On this day in 1933, the day FDR was inaugurated as president, the Senate confirmed his appointment of Frances Perkins as secretary of labor, making her the first woman to become a member of the cabinet. The Nation’s Oswald Garrison Villard, editor until earlier that year, wrote in his column “Issues and Men” (to which title he cheekily added, for this occasion, “And a Woman—Frances Perkins”) that he, a longtime feminist, would be forever grateful to FDR for the appointment.
Really, the news that Frances Perkins is to be appointed to the Cabinet of the United States is one of the most inspiring and encouraging events of recent years. My mind is running far back as I write. I am thinking of the pioneers who first declared that woman was man’s equal in all respects and as such entitled not only to vote but to hold any office within the gift of the American people. How they were derided, how they were laughed at, how they were subjected to vile abuse, and even physical assault!….
I am particularly pleased that Frances Perkins…has kept her maiden name although happily married and the mother of a most promising daughter. In this hour of depression when the pernicious doctrine is being preached that married women should be debarred from employment by the local, State, and federal governments if there happens to be a husband or another male member of the family who is also working, it is wonderful, indeed, to have Franklin Roosevelt pick not only an extraordinarily able woman of proved ability in public office, but one whose husband is also a wage-earner. That ought to stop a great deal of the mischievous propaganda which could only work infinite harm if it should lead to the adoption of this proposal as a nation-wide policy. No State has the right to deny a woman a job, not even in times of unemployment, if she wants it, has earned it, and is capable of doing it well. Here we have another one of those real issues of personal liberty that ought never to be abridged by sex, or race, or color….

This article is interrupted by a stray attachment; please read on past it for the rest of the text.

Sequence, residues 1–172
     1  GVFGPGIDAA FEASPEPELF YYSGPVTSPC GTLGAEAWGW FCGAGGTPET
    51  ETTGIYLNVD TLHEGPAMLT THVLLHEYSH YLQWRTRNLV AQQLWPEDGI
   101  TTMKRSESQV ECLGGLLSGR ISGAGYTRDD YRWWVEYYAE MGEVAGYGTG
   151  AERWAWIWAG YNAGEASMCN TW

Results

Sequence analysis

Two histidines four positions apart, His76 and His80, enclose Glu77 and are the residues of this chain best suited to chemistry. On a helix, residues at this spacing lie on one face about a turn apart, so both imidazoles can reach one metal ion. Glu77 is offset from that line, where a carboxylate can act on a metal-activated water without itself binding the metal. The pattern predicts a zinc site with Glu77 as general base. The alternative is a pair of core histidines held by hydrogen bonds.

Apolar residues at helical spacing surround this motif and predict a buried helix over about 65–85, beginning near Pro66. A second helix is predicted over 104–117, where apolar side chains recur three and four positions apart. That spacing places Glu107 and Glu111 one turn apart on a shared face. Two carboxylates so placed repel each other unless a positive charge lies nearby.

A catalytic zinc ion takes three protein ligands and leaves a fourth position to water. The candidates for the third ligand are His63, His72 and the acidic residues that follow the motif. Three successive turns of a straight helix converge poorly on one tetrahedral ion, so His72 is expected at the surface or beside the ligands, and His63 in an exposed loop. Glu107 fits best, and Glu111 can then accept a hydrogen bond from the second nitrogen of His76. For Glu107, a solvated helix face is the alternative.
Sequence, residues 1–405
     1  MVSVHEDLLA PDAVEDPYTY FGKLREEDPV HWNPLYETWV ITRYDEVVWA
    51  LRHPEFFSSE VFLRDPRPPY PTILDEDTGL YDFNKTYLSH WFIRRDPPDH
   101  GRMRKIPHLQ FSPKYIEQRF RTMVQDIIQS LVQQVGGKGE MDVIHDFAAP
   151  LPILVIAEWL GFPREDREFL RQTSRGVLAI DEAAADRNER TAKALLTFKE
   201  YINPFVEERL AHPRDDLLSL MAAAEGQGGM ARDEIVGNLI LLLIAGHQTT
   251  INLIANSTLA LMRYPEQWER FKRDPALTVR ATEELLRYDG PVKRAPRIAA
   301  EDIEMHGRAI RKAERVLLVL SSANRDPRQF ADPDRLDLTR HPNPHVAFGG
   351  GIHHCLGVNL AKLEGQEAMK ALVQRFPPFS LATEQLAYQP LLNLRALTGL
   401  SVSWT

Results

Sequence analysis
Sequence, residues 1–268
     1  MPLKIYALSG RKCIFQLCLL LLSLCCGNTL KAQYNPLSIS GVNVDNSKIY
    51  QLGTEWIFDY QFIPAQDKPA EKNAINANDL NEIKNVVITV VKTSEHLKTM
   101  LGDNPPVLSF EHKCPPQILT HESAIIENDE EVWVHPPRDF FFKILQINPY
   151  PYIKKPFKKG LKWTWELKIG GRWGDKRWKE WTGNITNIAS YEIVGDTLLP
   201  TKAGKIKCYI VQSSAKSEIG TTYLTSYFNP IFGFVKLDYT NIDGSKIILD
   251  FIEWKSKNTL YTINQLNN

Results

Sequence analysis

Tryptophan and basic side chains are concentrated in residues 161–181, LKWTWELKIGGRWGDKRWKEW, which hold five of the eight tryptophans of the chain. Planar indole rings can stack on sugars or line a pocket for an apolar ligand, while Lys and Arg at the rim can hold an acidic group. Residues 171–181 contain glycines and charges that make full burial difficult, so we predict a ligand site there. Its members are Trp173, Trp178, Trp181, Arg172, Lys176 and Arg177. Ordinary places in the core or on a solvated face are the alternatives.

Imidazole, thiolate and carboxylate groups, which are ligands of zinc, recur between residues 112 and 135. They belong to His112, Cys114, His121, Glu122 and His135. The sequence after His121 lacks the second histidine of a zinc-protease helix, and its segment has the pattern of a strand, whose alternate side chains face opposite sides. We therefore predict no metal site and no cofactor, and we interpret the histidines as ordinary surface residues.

When I think of Frances Perkins’s point of view and attitude, her humanity, wisdom, and statesmanship, it seems to me that she will be an angel at the Cabinet in contrast with the sordidness and the inhumanity of her predecessors. I, for one, pledge myself here and now never to cease to be grateful to Franklin Roosevelt for this brave and just and wise action—no matter what fate may have in store for him and his Administration.
To mark The Nation’s 150th anniversary, every morning this year The Almanac will highlight something that happened that day in history and how The Nation covered it. Get The Almanac every day (or every week) by signing up to the e-mail newsletter.